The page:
Like a Princess
Pinchas (Numbers 25:10-30:1 )
Last week's parashah ended in chaos: Promiscuity, idolatry, and death had somehow overrun the Israelite camp. To be sure, throughout the forty years in the desert there had been episodes of spiritual backsliding, but this episode was different, both in character and in scope: Twenty-four thousand people lost their lives as a result of this disaster.
It began with trysts with the women of Moav, and soon escalated into idolatry. A plague sweeps through the camp, wreaking havoc and death. In the midst of this anarchy, a leader of the tribe of Shimon named Zimri, who ostensibly should have been a part of the solution, takes a Midianite woman and joins the sinful revelry. Pinchas heroically confronts the sinners and stops them in their tracks.
God then commands that revenge be taken against Midian. We are left somewhat perplexed by this verdict: The main culprits were daughters of Moav, who seduced thousands of Israelite men into sin. Kozbi, Zimri's partner in crime, appears to have been the only Midianite involved in the entire episode. Why, then, are her people, the entire Midianite nation, singled out for retribution?
Balak, the King of Moav, was the primary instigator of the original plan to foil the Israelites' advance: It was he, the King of Moav, who commissioned a seer of some repute, Bilam son of Beor, to curse the Jews - a plot foiled by God Himself, who turned the curses into blessings. The Moavite king reached out to his erstwhile adversaries, the Midianites, and invited them to join the fray. (B'midbar 22:2-4) Once again, Balak and his people, the Moavites, were the instigators of both strategies; it is they, and not the Midianites, who should have been the most harshly punished.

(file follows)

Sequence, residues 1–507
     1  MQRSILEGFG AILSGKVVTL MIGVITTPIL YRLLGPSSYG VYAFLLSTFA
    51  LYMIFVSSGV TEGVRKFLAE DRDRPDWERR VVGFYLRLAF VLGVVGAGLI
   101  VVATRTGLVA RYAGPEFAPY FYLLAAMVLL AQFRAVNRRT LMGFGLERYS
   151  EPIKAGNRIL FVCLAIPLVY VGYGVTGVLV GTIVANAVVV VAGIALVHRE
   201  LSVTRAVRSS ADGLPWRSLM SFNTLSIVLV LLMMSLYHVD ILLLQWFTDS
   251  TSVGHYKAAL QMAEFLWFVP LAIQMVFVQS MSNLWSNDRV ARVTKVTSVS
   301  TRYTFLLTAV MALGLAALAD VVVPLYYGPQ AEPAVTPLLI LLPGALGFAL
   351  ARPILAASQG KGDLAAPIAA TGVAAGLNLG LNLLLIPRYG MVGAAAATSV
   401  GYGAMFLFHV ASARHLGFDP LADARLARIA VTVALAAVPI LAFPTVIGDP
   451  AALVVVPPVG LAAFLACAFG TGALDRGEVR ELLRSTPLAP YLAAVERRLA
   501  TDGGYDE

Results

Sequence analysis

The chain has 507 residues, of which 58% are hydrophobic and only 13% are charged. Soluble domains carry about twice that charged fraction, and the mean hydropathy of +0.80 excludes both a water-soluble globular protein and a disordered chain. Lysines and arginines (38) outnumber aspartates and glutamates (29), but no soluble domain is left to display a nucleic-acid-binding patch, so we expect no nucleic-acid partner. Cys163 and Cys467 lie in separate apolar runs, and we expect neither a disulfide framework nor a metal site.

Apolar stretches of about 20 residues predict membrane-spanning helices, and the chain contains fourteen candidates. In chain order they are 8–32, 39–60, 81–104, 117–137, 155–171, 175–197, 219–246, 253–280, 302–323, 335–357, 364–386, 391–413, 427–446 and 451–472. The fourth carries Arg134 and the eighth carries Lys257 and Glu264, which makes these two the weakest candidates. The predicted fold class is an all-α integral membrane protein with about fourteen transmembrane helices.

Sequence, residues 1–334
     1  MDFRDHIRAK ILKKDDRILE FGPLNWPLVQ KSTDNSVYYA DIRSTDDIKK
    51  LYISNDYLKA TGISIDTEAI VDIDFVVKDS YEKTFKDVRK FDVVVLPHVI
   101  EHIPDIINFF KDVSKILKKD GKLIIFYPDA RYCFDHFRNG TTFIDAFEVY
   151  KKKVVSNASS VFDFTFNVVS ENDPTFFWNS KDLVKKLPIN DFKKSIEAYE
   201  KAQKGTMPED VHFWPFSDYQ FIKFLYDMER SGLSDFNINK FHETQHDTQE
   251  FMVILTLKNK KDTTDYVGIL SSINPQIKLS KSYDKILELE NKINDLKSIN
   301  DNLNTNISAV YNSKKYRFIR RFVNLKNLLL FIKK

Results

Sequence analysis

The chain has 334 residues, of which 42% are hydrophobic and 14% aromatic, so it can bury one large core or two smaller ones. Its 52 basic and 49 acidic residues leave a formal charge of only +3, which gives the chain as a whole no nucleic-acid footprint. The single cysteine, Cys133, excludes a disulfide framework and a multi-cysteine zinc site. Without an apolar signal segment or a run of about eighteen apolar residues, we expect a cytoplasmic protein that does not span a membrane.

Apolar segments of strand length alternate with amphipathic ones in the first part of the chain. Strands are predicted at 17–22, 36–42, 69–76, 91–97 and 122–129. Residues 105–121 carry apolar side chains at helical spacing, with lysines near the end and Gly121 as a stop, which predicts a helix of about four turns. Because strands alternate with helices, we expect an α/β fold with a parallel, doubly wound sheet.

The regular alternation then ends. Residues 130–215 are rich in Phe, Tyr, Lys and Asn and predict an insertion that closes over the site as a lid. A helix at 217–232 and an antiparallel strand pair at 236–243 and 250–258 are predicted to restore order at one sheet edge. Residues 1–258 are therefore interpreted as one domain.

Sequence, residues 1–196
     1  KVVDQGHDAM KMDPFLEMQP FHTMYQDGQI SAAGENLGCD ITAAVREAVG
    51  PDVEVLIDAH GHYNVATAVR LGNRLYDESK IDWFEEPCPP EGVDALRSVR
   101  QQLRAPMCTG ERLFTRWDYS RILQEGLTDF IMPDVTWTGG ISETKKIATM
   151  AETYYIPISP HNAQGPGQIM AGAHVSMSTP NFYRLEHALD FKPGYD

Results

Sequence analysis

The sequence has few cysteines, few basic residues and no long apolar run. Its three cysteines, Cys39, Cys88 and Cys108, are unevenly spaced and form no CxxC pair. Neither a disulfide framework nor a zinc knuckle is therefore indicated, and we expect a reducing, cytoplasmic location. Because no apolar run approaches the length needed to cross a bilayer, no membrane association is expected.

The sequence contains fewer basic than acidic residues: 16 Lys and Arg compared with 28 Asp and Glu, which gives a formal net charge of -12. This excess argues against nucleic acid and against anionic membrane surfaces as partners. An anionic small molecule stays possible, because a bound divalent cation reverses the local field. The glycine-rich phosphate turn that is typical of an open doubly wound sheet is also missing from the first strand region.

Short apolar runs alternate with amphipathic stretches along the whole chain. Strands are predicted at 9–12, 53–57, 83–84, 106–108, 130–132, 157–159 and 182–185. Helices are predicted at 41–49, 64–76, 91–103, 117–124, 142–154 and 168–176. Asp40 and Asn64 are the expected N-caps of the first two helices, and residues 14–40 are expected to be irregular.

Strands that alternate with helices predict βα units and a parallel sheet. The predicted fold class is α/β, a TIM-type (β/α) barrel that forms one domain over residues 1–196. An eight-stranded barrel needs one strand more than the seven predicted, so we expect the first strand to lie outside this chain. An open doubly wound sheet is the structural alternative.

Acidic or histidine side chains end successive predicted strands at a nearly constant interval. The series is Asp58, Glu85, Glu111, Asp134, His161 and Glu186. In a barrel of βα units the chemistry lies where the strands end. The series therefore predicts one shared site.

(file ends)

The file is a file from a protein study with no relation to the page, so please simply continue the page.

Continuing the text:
The verses themselves, as well as some of the commentaries on the parashah, lead us to several conclusions: Moav was situated in the direct path of the Israelites' advance, and the Moavites were scared. They wished to preserve their way of life and to retain possession of their lands, and they saw the Israelites as a direct existential threat. Their behavior, though preemptive, was defensive. Not so the Midianites: When summoned to join forces against the Jews, they did so with enthusiasm, despite the fact that they themselves were not threatened: Their land was not under threat of siege, their way of life was secure. Had they not sought out contact with the Israelites, the conquest Canaan would have remained for them a news item from abroad and nothing more. Their involvement was ideologically motivated: They joined the Moavite attack not out of love for their homeland, not as a response to an imminent threat, but out of pure hatred for the Jews.
There are additional elements that point to a vast difference between the motivations of the Moavites and the Midianites: The Torah is not clear as to who initiated the contact between the Moavite women and the Israelite men; was it the daughters of Moav, perhaps as per Bilam's advice, or was it the Israelite men who first approached these young women? Either way, the sin of adultery soon ballooned into idolatry as well. Be that as it may, the identity of Zimri's Midianite partner, Kozbi the daughter of Zur, a prince or king of Midian, indicates the Midianites' ideological bent: This was no "simple" affair. A member of the royal family of Midian was sent to conduct a demonstrative act of defiance against the religious, social and political mores of Israelite society.
There are those who would characterize the decree to destroy Midian as a "disproportionate response;" God does not agree. The Midianites, and not the Moavites, are to be eradicated. The battle against Midian is ideological. It is a battle against those whose war against us was born of religious zeal and hatred, hence the extreme response. Perhaps the lesson is that when a battle is based on conflicting claims to land, property, or resources, an arrangement and understanding can eventually be reached, but when the strife is based on ideology and religious hatred, achieving an understanding is much more difficult.